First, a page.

TERENCE SMITH: Iraq is expected to turn the required report over to the United Nations representatives in Baghdad tomorrow. For an update from Baghdad we go to John Burns, senior foreign correspondent for the New York Times.
John, tomorrow apparently is the big day, what did you expect?
JOHN BURNS: Well, it looks like the first people to get a sight of these documents are going to be western reporters here. We have been summoned to the information ministry at 12 noon, that's 4:00 a.m. Saturday in New York -- downstairs in the building on the roof of which I'm standing on now. And as we understand it we're going to get a sight of something like 7,000 to 8,000 pages -- so it's rumored -- of documents and CD ROMs, which will then be handed over formally sometime later tomorrow afternoon our time,. around noon your time, to the United Nations here, and will be put on a United Nations aircraft that will fly them to Cyprus where they will be divided and flown onwards to Vienna, the headquarters of the International Atomic Energy Agency, on the one hand and to New York for the Security Council and the new United Nations weapons upon monitoring team UNMOVIC on the other.
TERENCE SMITH: What would be the Iraqi strategy in releasing the documents publicly first?
JOHN BURNS: Well, I think we're not going to see anything that's in the documents; indeed, we may not see the documents themselves. I think the Iraqis keep changing their mind about this. But I think one thing that is clear is they see themselves as having a clear beat on this - in the sense that they will release documents. We know what the covering document will say - it ill say because we've been told this repeatedly, that Iraq has no weapons of mass destruction. The rest is all detail. I think they know it's going to sometime before President Bush or anybody else is able to go through those documents and come up with a countervailing word. And so they want as much time as possible, if you will, to put their own spin on it.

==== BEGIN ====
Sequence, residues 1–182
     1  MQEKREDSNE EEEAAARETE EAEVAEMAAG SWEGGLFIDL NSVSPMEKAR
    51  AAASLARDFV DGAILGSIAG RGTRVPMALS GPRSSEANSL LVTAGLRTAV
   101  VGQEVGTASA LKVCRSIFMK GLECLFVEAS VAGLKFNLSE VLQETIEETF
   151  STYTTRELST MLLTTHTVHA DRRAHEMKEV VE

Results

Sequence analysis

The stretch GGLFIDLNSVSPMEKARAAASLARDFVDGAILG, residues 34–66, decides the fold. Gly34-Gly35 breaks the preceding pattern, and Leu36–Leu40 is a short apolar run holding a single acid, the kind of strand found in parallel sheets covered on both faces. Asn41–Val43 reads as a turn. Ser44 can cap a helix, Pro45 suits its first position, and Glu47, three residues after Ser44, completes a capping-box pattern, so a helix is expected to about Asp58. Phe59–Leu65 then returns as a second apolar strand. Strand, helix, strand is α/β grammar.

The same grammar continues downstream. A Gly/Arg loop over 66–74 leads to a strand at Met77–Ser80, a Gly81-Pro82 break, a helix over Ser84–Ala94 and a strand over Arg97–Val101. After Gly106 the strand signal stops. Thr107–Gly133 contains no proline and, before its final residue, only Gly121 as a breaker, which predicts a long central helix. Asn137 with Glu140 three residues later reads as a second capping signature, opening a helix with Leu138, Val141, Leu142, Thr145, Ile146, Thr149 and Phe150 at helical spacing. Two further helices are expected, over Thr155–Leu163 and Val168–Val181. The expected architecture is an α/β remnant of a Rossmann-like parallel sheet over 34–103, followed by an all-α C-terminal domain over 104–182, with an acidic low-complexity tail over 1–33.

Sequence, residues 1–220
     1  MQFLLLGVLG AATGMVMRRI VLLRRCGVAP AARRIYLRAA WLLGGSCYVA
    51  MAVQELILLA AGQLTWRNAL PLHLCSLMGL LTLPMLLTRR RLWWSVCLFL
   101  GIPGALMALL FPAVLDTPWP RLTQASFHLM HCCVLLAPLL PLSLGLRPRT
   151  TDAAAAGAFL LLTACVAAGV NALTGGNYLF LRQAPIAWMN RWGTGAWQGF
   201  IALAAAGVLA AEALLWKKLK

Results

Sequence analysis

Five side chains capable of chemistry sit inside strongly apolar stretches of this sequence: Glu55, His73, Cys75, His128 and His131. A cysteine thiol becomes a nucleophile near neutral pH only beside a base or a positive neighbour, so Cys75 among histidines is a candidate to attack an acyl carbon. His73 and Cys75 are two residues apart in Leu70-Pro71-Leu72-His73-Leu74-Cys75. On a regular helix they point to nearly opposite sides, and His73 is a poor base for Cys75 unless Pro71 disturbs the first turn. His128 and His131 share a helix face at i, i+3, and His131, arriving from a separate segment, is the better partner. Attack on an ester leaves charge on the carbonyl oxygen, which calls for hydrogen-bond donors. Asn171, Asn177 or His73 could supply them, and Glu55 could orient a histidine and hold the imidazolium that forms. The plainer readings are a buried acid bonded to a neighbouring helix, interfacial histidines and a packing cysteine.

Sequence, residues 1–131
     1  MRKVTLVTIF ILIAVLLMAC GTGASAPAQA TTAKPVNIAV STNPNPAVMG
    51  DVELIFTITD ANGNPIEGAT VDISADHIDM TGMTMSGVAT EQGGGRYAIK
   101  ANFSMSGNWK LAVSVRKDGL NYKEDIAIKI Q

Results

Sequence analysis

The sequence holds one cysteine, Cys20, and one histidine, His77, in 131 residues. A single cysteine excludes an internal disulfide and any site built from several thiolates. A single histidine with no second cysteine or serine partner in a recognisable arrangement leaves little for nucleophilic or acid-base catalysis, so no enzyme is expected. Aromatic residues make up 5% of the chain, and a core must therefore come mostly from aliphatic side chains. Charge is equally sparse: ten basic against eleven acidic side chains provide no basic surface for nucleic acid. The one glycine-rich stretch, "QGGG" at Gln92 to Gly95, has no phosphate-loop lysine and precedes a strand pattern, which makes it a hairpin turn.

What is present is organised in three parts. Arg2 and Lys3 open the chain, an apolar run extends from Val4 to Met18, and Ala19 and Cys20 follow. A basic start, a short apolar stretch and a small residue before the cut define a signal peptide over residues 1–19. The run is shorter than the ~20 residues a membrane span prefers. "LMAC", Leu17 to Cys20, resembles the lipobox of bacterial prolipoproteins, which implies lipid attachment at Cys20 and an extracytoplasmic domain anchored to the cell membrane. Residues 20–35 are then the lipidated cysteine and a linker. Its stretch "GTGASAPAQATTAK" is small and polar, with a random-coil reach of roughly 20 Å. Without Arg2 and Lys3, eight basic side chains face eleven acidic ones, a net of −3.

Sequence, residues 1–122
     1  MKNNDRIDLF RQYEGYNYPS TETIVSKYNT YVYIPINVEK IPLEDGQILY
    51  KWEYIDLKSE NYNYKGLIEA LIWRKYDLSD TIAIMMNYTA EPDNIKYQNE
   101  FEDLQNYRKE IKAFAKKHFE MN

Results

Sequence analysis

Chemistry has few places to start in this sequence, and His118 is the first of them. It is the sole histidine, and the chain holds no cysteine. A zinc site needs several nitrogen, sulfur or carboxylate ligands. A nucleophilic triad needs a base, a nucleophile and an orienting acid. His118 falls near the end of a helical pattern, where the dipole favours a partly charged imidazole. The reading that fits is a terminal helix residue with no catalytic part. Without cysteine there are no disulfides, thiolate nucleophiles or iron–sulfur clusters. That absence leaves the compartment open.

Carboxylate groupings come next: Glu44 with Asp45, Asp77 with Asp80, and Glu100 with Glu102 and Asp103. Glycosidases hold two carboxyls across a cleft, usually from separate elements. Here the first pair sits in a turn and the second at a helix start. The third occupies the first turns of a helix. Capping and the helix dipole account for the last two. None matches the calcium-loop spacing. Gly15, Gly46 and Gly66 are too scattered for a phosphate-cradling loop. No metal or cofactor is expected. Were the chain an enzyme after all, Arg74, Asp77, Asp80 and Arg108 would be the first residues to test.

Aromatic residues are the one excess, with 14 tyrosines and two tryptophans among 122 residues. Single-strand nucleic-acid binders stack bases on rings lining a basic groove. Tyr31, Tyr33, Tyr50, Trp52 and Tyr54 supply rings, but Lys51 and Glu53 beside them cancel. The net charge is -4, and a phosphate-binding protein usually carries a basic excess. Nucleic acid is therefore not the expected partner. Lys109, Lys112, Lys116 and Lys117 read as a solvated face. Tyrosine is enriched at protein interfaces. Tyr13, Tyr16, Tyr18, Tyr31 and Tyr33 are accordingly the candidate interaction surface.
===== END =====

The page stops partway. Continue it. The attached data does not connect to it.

TERENCE SMITH: So is the notion of such a voluminous document basically a delay tactic?
JOHN BURNS: Well, I think the Iraqis have been denied the bluntest means of meeting the West pressures, that is to say the new weapons inspection mandate doesn't allow them any longer to deny inspectors access to plants or to hold them at the gates while they spirit documents and people out of the back. All that's gone. It's much too tough, this new document under American pressures. So I think they are shifting to new means, and I say that without knowing any better than you do whether they have weapons of mass destruction or not. But I think what they intend to do in a way is to drown the United Nations process with sheer volume, to send a blizzard of documents and, in effect, to invite the United Nations up every blind valley that there may be. You have to understand that the one key factor in all of this is the dual-use concept. That's to say that they are required to declare any civilian activity in processes, which could also be used to make weapons. So to give you a ridiculous example, they could send the inspectors to every toothpaste plant in Iraq.